January 27, 2007

Exodus 22-24: Why are we doing this again?

Today's reading is Exodus 22-24 (read it in the KJV or NIV)

Today's passage covers various laws of the Hebrews, including those about property, social responsibility, justice and mercy, the sabbath, and the three annual festivals. It also covers the confirmation of the covenant and Moses' ascent to Mount Sinai.

First, I would like to apologize to my devoted readers for the delay in the release of this essay. Partly this was due to my life becoming somewhat more hectic than normal, and partly it was due to there being very little of interest in today's passage. I sat down a number of times to write this essay, only to be thwarted each time by sheer boredom. Hopefully I will be able to produce something of marginally more interest than the text itself.

People today sometimes think that modern societies have a monopoly on social justice. After all, we have orphanages, hospitals, and schools, all of which (at least in Canada) are nominally free to the users. Contrarily, we think back to the Middle Ages and remember the horrid ways old women were treated, and imagine that we are far more humane than previous societies.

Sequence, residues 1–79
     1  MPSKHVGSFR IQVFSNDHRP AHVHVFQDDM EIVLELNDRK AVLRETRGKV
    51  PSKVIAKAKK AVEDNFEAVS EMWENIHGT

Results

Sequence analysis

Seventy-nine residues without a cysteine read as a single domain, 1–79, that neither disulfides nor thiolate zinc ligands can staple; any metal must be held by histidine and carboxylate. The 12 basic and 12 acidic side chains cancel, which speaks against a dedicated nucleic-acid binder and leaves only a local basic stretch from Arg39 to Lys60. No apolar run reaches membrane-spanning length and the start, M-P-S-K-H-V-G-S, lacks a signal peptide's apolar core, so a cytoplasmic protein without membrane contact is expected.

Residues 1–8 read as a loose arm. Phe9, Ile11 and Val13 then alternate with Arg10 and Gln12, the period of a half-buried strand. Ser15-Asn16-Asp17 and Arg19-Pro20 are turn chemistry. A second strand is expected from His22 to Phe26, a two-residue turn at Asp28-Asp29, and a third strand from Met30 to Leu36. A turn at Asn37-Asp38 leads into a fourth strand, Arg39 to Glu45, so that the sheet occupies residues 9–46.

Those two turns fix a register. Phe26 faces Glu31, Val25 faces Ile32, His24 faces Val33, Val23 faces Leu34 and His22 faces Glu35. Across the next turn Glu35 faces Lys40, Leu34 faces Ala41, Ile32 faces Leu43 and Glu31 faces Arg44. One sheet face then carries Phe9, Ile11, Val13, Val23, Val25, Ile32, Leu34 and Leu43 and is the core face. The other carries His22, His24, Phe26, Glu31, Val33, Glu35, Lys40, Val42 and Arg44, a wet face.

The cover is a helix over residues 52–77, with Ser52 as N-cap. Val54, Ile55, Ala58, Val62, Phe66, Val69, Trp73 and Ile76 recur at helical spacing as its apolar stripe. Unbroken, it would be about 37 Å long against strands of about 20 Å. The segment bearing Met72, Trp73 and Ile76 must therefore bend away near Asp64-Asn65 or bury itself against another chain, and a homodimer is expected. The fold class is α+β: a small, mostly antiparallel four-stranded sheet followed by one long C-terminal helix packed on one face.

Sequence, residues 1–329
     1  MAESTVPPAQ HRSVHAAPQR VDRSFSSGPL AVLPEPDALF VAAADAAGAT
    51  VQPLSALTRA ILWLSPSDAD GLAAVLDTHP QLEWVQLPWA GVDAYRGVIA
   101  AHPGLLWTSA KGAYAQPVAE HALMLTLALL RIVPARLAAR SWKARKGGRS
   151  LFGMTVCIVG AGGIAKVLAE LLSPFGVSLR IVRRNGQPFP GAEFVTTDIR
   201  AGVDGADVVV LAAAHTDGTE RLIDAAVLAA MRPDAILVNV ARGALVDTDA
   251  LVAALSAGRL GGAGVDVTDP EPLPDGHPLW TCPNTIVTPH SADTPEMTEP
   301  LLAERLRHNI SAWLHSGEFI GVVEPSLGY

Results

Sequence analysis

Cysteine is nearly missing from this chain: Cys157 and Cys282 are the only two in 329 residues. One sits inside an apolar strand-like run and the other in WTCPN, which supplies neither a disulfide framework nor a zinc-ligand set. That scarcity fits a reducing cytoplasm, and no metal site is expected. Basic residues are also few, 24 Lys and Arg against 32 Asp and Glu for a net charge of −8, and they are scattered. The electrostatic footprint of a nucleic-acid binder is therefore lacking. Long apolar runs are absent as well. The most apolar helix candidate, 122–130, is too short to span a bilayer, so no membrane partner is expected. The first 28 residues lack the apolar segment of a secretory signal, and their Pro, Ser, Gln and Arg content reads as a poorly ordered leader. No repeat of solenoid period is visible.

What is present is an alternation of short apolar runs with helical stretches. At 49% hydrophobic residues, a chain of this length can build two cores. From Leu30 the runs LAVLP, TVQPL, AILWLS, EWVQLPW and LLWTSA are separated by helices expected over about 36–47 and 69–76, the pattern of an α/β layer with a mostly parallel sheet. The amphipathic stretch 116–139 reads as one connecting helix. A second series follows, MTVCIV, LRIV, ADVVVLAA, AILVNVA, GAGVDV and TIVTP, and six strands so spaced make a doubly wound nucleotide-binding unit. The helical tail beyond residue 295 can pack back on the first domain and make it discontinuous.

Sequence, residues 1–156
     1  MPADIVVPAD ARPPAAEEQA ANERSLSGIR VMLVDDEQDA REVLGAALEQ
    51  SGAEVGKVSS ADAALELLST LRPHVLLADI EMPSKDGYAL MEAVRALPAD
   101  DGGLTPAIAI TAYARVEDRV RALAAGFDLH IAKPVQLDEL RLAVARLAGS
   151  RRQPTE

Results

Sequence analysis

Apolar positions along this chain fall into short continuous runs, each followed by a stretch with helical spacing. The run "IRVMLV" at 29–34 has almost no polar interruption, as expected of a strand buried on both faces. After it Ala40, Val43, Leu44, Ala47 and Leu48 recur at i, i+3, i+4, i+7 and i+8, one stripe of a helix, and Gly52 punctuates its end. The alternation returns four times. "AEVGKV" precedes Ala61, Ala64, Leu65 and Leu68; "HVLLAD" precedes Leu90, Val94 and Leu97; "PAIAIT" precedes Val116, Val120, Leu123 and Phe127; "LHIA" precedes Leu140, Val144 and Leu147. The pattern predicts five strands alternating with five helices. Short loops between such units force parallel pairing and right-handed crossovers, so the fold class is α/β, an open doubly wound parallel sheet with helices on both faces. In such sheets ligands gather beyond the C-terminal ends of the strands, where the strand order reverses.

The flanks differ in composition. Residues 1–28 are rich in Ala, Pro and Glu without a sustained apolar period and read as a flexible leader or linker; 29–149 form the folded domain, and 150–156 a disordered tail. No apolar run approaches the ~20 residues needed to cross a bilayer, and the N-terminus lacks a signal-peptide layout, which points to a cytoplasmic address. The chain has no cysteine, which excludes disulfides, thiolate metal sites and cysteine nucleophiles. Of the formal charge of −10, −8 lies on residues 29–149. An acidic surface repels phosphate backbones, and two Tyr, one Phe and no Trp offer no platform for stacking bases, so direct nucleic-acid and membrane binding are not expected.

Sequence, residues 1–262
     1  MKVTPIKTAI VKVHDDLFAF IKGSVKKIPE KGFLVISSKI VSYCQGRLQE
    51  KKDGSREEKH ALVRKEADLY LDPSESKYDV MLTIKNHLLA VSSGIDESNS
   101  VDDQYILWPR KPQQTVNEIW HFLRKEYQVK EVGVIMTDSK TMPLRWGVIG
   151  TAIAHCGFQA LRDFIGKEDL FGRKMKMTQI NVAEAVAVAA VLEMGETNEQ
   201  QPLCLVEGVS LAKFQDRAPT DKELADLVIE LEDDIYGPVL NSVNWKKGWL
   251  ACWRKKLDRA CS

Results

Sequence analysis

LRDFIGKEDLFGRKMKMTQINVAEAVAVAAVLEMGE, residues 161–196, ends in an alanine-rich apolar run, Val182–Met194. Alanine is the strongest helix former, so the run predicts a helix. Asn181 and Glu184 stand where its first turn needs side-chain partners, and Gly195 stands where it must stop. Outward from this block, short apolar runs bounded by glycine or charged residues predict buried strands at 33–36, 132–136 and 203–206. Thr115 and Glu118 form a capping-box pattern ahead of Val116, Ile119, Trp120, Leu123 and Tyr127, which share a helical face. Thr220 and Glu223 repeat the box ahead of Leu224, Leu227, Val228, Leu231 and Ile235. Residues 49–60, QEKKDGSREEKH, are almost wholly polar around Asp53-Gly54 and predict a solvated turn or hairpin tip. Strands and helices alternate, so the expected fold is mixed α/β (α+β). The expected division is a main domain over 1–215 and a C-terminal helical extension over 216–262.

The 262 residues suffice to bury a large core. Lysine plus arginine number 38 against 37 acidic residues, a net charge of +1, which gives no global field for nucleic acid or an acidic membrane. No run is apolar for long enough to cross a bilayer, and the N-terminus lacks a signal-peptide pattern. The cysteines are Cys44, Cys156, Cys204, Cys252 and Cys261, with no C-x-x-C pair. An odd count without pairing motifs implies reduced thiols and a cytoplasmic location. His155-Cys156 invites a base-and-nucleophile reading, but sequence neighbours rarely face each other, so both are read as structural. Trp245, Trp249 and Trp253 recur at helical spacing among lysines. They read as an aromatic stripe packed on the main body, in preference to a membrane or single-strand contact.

It may come as a surprise, then, to learn that the ancient Israelites had fairly firm laws in place to protect the underprivileged: widows, orphans, the poor, and strangers.

The text commands the Israelites not to take advantage of widows or orphans. (Ex. 22:22-24 NIV; KJV: "afflict") Similarly, it commands them not to deny justice to poor people. (Ex. 23:6) To our modern sensibilities, these laws are good ones: they prevent stronger people from taking advantage of the weaker.

However, in addition to these groups, strangers are also singled out. Ex. 22:21 and 23:9 both tell the Israelites not to "vex" or "oppress" a stranger. (KJV; "mistreat" or "oppress" in NIV) Why are strangers a privileged group, alongside the truly misfortunate widows and orphans? In today's anonymous society, everyone is a stranger. However, in ancient societies, strangers were immediately suspect. People did not travel as much as they do today, and communities were closer-knit. A stranger had no one to vouch for him, no social network to support him, and no friends in his new community. People could deceive or cheat him at will. He was, therefore, in quite a vulnerable position.

Perhaps more important than the fact that the lower tier of society was protected is why they were protected. There are two distinct reasons, depending on which group we are discussing.

The first reason for obedience is in relation to widows and orphans. Ex. 22:22-24 in the NIV reads as follows: "(22) Do not take advantage of a widow or an orphan. (23) If you do and they cry out to me, I will certainly hear their cry. (24) My anger will be aroused, and I will kill you with the sword; your wives will become widows and your children fatherless." In essence, these verses use fear of force. "Do not do this," says God, "or I will kill you, and your family will be put in the same position."